5 Ways to Get a New Car for Less

Premium styling. Flawless paint. Glistening tires. That unmistakable new car smell. Everything about a new vehicle practically begs you to buy it. When you close your eyes and think about driving your brand new set of wheels off the lot, it quickens your pulse a little, doesn’t it? Shopping for your next vehicle is a uniquely exciting experience. Usually until you look at the price tag, that is.

If you haven’t priced cars recently, you may be surprised by the figures you find. According to a recent report by Edmunds, the average loan amount for a new car jumped to more than $32,000, and the average monthly payment rose to $558. Sure, the latest models may be nice, but facts are facts—that’s a lot of money to pay for a car.

Now, before we go any further, if you’ve been saving up for your dream car and figured out how to buy it without demolishing your budget, then by all means – go for it! But if you find yourself in the market for a new vehicle and you want to avoid overspending, we’ve got five tips to help you hang onto more of your hard earned money.

5 Ways to Save Money When Buying a Car

Do your research.

The last thing you want to do is show up to a car lot with no idea what you’re looking for. Lack of preparation puts you at the mercy of the salesperson. And while they may be genuinely nice people, sales professionals make their living by getting you to buy a product at the highest price possible. So, before you head to a dealership, narrow down your choices by doing your research. Thanks to the Internet, companies like NADA, Car and Driver, and CarsDirect can help you sort thousands of options by everything from location to price to trim packages.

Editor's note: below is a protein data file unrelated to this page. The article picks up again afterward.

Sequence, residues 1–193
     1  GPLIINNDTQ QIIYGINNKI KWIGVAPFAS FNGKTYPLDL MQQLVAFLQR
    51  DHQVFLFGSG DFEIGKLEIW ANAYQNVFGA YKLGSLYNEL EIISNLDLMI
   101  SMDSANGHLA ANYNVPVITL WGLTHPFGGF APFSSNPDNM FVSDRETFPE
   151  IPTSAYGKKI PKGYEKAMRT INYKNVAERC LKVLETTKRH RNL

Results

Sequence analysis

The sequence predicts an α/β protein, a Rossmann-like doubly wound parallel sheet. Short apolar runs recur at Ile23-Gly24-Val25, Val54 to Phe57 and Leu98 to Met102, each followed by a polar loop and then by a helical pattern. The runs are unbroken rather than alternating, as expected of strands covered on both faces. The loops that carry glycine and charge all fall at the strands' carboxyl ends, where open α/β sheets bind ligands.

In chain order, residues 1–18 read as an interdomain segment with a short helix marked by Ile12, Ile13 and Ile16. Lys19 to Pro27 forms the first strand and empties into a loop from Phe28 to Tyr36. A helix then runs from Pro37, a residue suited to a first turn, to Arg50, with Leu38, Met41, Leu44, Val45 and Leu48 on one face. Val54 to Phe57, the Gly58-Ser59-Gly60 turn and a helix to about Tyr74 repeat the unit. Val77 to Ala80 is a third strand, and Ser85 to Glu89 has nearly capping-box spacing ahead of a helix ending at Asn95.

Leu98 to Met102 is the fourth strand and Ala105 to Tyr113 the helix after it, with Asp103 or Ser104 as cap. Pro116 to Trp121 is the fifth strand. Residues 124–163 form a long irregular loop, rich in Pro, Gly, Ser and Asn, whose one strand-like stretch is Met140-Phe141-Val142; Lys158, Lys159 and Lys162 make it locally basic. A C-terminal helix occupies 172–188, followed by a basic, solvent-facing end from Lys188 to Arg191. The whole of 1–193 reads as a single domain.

Get preapproved. ​​

Once you’ve determined which vehicle fits your preferences and meets your needs, it’s smart to get preapproved for financing. There’s a good chance you’ll find better financing rates through your local credit union than through another lender. Once you’re preapproved, you’ll know how much you can afford, what interest rate you’ll pay, and what your monthly payments will be. This information gives you the upper hand in price negotiations and keeps you from getting distracted by dealer tactics that focus strictly on monthly payments. Preapproval lets you negotiate based on the most important aspect—price.